Here is a section from the end of chapter one of The Reason for God by Timothy Keller that relates to my previous blog.
He discusses how true Christianity should lead us to humility and love as well as a proper understanding of how unbelievers can be "good" and "moral" -- even surpassing believers. He writes:
I've argued against the effectiveness of all the main efforts to address the divisiveness of religion in our world today. Yet I strongly sympathize with their purpose. Religion can certainly be one of the major threats to world peace. At the beginning of the chapter I outlined the "slippery slope" that every religion tends to set up in the human heart. This slippery slope leads all too easily to oppression. However, within Christianity—robust, orthodox Christianity—there are rich resources that can make its followers agents for peace on earth. Christianity has within itself remarkable power to explain and expunge the divisive tendencies within the human heart.
Christianity provides a firm basis for respecting people of other faiths. Jesus assumes that nonbelievers in the culture around them will gladly recognize much Christian behavior as "good" (Matthew 5:16; cf. 1 Peter 2:12). That assumes some overlap between the Christian constellation of values and those of any particular culture and of any other religion. Why would this overlap exist? Christians believe that all human beings are made in the image of God, capable of goodness and wisdom. The Biblical doctrine of the universal image of God, therefore, leads Christians to expect non-believers will be better than any of their mistaken beliefs could make them. The Biblical doctrine of universal sinfulness also leads Christians to expect believers will be worse in practice than their orthodox beliefs should make them. So there will be plenty of ground for respectful cooperation.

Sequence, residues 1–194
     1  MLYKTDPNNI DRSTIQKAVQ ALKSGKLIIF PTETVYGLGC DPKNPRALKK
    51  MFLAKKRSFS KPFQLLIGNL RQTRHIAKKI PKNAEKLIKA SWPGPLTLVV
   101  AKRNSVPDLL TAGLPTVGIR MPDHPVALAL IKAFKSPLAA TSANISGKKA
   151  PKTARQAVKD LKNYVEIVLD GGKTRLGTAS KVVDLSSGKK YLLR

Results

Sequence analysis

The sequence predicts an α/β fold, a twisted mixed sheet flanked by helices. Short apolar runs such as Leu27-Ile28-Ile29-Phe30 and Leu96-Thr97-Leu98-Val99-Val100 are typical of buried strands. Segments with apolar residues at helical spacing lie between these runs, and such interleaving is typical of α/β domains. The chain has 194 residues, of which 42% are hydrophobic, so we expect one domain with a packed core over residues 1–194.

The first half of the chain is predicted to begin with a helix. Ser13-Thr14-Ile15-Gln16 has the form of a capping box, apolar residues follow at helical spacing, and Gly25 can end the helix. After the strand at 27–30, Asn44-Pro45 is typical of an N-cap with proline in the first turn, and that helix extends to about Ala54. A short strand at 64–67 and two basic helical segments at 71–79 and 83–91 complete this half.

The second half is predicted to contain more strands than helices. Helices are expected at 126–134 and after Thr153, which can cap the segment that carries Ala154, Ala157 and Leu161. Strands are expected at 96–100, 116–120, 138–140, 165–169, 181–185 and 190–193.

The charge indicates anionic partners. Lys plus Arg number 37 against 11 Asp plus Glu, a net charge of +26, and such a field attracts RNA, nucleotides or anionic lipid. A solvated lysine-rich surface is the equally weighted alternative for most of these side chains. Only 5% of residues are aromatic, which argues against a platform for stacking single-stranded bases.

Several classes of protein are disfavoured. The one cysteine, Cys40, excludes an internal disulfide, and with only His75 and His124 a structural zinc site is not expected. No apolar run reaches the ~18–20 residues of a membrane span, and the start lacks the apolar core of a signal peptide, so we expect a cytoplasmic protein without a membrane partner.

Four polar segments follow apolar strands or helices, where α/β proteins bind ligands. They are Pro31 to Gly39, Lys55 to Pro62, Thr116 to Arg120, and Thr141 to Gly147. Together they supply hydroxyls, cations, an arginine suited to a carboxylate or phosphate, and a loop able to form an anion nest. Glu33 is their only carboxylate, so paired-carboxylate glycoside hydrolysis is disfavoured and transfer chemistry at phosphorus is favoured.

Christianity not only leads its members to believe people of other faiths have goodness and wisdom to offer, it also leads them to expect that many will live lives morally superior to their own. Most people in our culture believe that, if there is a God, we can relate to him and go to heaven through leading a good life. Let's call this the "moral improvement" view. Christianity teaches the very opposite. In the Christian understanding, Jesus does not tell us how to live so we can merit salvation. Rather, he comes to forgive and save us through his life and death in our place. God's grace does not come to people who morally outperform others, but to those who admit their failure to perform and who acknowledge their need for a Savior.
Christians, then, should expect to find nonbelievers who are much nicer, kinder, wiser, and better than they are. Why? Christian believers are not accepted by God because of their moral performance, wisdom, or virtue, but because of Christ's work on their behalf. Most religions and philosophies of life assume that one's spiritual status depends on your religious attainments. This naturally leads adherents to feel superior to those who don't believe and behave as they do. The Christian gospel, in any case, should not have that effect (pp. 18-19).